CSR has become a key issue in formulating new models of development and promotion of fundamental rights, even of certain forms of democracy, and attracts almost universal interest, from the public sphere as well as from business organisations and civil society. The application of CSR has multiple effects:
- Promoting compliance with local social, environmental, human rights and anti-corruption legislation, the application of which may frequently be uneven in developing countries, is a primary step towards establishing and promoting the rule of law in a manner perceived as less "arrogant" than when specifically spelling out the various components;
- Contributing to compliance with the fundamental texts of international law - fundamental because they are universal - in every aspect of CSR helps to promote universal adoption of the values we share, countering criticisms levelled at the "culturalist" nature of the body of international law built up since 1945;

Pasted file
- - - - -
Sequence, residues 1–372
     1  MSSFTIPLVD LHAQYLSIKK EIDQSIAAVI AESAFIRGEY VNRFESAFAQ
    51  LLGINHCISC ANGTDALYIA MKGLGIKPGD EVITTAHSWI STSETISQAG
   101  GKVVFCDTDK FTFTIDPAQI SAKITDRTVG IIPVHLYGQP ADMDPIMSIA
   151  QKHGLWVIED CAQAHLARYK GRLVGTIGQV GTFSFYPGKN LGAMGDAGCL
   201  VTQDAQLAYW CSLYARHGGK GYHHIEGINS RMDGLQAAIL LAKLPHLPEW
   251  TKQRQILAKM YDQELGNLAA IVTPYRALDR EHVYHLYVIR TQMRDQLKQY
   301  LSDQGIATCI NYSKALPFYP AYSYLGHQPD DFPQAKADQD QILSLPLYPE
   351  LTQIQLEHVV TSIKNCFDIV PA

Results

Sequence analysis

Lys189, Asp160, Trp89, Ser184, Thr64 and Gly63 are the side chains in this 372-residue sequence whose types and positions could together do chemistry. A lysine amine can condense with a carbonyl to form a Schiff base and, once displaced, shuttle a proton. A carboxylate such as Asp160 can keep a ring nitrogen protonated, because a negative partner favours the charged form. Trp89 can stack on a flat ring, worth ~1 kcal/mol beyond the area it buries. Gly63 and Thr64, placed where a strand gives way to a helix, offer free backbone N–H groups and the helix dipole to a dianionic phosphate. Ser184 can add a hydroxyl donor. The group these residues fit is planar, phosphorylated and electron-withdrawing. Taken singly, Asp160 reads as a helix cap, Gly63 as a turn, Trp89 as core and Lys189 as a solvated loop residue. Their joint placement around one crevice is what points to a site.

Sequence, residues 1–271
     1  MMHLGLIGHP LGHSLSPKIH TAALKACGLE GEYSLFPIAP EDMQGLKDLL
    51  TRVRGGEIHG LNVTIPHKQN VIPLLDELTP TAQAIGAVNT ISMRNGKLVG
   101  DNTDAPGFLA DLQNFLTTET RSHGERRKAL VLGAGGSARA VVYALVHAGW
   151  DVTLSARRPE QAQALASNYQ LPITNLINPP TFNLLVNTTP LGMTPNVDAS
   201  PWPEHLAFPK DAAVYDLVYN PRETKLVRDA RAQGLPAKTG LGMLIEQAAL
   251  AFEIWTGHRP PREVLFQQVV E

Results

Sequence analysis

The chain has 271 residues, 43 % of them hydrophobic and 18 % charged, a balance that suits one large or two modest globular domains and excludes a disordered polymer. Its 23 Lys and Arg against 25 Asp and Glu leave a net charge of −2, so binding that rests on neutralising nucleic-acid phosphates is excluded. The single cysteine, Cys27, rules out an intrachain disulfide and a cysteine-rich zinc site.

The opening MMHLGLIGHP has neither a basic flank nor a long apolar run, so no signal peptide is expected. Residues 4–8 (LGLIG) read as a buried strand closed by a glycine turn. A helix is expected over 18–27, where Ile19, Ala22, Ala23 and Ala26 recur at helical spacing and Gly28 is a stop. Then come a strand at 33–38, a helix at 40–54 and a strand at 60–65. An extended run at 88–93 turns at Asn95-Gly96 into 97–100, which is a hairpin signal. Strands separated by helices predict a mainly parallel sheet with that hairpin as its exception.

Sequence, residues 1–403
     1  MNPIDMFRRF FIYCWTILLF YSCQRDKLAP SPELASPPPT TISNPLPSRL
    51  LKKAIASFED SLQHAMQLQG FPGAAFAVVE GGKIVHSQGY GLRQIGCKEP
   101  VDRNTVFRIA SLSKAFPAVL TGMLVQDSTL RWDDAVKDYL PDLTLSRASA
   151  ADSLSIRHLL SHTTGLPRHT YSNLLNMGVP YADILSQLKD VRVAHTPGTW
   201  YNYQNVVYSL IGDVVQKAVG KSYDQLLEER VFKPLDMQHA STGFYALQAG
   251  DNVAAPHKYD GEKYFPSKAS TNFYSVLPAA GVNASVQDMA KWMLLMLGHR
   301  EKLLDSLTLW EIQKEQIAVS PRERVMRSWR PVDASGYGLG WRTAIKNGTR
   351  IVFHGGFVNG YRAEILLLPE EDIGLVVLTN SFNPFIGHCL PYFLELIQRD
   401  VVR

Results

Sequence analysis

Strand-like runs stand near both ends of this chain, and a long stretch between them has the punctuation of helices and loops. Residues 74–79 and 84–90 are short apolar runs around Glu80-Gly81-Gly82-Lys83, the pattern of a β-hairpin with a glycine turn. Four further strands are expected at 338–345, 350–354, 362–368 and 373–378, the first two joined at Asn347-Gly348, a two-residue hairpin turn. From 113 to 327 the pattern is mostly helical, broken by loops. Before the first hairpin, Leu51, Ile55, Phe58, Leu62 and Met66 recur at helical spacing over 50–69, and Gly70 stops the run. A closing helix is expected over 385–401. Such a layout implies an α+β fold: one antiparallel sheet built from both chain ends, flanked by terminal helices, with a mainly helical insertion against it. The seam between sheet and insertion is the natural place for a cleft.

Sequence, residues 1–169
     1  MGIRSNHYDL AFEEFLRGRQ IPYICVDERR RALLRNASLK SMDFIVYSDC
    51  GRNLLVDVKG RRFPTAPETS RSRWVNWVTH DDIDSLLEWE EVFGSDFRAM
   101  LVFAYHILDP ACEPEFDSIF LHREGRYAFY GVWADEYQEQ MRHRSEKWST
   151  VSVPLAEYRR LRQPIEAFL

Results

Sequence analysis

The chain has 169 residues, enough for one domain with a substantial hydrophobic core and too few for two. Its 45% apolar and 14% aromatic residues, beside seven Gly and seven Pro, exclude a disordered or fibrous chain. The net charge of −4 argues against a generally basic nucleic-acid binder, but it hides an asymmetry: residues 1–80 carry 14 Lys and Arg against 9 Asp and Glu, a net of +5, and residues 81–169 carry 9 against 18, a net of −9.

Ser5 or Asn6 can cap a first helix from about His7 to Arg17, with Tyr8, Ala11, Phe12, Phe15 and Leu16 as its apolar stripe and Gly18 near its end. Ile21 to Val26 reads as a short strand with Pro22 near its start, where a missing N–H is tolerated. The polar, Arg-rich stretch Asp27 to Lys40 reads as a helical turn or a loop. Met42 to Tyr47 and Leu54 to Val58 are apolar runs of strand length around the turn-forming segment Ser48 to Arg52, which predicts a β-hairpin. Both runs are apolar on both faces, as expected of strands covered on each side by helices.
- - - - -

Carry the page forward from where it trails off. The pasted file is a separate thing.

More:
- Contributing to the formulation of universally respected international business standards (CSR standards) encourages all the global economic players to abide by common rules, thereby reducing unfair competition;
- Supporting CSR also helps to promote the production of goods and services that contribute to economic, social and societal progress, particularly for the poor. Such is the aim of programmes to encourage the development of social entrepreneurship, the production of goods and services aimed at the poor and including them in the production of these basic goods and services ("base of the pyramid" and "inclusive business" approaches), or the development of fair trade.
As part of its review of its development aid policy, the French government has initiated a process of reflection on the role of CSR, a subject addressed by one of the workshops held during the Development and International Solidarity Conference
Updated on: 20.02.13